The Secret Service was created in 1865 as a federal law enforcement agency within the Treasury Department. It derives its legal authority from Title 18, United States Code, Section 3056. It was established for the express purpose of stopping counterfeiting operations which had sprung up in this country following the introduction of paper currency during the Civil War (Treasury, 2002, Online). The Secret Service maintains its role as guardian of the integrity of our currency, but today also investigates crimes involving United States securities, coinage, other government issues, credit and debit card fraud, and electronic funds transfer fraud. The most obvious of its other activities is executive protection, which began after the assassination of President McKinley in 1901(Treasury, 2002, Online).
In the 1800s, America's monetary system was very disorganized. Bills and coins were issued by each state through individual banks, which generated many types of legal currency. With so many different kinds of bills in circulation, it was easy for people to counterfeit money. The Secret Service officially went to work on July 5, 1865. Its first chief was William Wood. Chief Wood, widely known for his heroism during the Civil War, was very successful in his first year, closing more than 200 counterfeiting plants. This success helped prove the value of the Secret Service, and in 1866 the National Headquarters was established in the Department of the Treasury building in Washington, D.C (Treasury, 2002, Online).
During the evening of the same day President Lincoln established the Secret Service, he was assassinated at Ford's Theatre in Washington, D.C., by John Wilkes Booth. The country mourned as news spread that the President had been shot (White House, online). It was the first time in our nation's history that a President had been assassinated and it was the reason that the Congress eventually, after two more presidential assassinations, added Presidential protection to the list of duties performed by the Secret Service. Since 1901, every President from Theodore Roosevelt on has been protected by the Secret Service. In 1917, threats against the President became a felony and Secret Service protection was broadened to include all members of the First Family (White House, online). In 1951, protection of the Vice President and the President-elect was added. After the assassination of Presidential candidate Robert Kennedy in 1968, President Lyndon B. Johnson (1963-1969) authorized the Secret Service to protect all Presidential candidates. Over the years, the Secret Service's function has continued to change and grow. Its functions include:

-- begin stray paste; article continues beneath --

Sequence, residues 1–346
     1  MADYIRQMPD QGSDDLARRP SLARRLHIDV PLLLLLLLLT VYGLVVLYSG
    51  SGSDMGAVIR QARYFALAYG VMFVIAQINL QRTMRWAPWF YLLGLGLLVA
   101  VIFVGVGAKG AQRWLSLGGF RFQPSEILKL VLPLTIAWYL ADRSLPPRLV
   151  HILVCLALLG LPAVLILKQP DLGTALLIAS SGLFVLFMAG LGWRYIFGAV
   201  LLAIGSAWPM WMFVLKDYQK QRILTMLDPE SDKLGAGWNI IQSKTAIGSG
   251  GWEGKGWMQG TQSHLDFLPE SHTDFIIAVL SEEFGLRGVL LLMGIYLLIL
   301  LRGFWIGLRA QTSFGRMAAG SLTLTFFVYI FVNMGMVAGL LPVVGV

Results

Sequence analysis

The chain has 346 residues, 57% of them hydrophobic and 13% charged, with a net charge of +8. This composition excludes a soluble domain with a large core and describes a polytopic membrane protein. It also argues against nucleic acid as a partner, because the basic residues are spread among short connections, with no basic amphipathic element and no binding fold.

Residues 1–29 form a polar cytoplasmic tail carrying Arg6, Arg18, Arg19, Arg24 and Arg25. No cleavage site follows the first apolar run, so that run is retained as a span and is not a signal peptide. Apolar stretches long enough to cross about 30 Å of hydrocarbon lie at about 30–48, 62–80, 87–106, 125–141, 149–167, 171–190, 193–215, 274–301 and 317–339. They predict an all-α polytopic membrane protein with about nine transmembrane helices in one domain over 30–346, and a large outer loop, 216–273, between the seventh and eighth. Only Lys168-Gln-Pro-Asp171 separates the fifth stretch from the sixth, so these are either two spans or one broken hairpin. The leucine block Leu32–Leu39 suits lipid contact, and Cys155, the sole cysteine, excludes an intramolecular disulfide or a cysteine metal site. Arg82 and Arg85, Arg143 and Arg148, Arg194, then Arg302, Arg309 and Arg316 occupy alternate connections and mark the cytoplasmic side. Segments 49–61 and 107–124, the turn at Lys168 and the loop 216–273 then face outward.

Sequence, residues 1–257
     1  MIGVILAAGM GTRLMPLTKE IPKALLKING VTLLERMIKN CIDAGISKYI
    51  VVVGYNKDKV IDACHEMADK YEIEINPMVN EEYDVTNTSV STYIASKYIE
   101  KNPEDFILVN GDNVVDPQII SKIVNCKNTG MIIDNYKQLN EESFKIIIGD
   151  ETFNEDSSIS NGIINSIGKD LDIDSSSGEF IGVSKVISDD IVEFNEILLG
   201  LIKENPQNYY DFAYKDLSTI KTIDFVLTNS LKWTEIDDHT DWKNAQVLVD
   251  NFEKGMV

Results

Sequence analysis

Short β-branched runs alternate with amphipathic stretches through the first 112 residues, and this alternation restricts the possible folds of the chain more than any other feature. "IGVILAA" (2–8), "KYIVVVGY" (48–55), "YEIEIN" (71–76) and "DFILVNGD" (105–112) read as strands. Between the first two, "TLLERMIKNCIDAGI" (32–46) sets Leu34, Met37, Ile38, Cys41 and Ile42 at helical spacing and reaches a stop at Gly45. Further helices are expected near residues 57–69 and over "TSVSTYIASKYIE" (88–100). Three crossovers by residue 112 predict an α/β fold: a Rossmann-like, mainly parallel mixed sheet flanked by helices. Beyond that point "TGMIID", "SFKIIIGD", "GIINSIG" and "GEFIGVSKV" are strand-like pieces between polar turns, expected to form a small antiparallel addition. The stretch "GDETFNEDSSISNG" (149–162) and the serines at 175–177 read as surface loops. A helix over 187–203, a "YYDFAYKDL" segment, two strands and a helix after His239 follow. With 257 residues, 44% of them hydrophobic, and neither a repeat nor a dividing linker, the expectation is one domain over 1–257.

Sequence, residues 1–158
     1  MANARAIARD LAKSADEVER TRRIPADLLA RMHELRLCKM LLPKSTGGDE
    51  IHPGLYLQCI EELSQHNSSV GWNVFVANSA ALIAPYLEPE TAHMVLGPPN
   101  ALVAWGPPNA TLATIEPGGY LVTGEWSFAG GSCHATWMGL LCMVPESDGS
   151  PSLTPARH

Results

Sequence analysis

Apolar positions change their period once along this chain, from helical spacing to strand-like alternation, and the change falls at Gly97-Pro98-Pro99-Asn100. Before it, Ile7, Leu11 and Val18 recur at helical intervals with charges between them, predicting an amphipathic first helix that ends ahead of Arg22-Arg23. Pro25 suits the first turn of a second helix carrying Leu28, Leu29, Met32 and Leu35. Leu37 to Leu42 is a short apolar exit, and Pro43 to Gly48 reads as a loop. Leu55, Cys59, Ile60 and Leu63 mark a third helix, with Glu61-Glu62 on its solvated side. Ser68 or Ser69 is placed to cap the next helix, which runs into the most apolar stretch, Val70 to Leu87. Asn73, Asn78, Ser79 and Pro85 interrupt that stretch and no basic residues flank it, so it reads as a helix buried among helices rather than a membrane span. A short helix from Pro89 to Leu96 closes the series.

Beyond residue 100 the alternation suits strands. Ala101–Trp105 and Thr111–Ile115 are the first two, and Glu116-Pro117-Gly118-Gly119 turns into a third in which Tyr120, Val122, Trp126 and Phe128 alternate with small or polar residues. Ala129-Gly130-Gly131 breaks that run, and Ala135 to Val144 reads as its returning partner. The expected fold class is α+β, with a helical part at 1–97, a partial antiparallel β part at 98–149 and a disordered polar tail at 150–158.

Protecting the President and Vice President and their families, candidates for those offices, former Presidents and their families, and visiting heads of foreign states and governments;
Enforcing laws against counterfeiting currency, coins, or securities of the United States;
Enforcing laws against fraud or forgery of Government checks or bonds, and other securities and obligations of the United States;
Investigating credit and debit card fraud, computer fraud, and electronic fund transfer fraud;
Furnishing physical security for the White House, the Main Treasury Building, and foreign embassies and missions in Washington, New York and other cities. (Treasury, 2002, Online). These functions are directly reflected, below, in their mission statement and fall into two distinct categories the investigative mission and the protective mission.
The United States Secret Service is mandated by
statute and executive order to carry out two
significant missions: protection and criminal
investigations. The Secret Service protects the
President and Vice President, their families, heads of
state, and other designated individuals; investigates
threats against these protectees; protects the White
House, Vice President's Residence, Foreign Missions,
and other buildings...
References: Bush, G.W. (2001), Patriot Act, Online at http://wwww.whitehouse.gov
CIO Magazine, FBI And Secret Service Announce New Cyberthreat Reporting Guidelines For Businesses; Guidelines Mark First Standards Authorized by US Federal Law Enforcement (2002, Feb
Miller, J.J. (2001, Oct. 15), Border Lines - What to do about immigration after 9/11: World Trade Center and Pentagon Attacks, National Review, 21
Secret Service, online at http://www.ustreas.gov/opc/opc0042.html#usss
Timeline, online http://emperors-clothes.com/indict/indict-3.htm
Timeline, (2001, Sept
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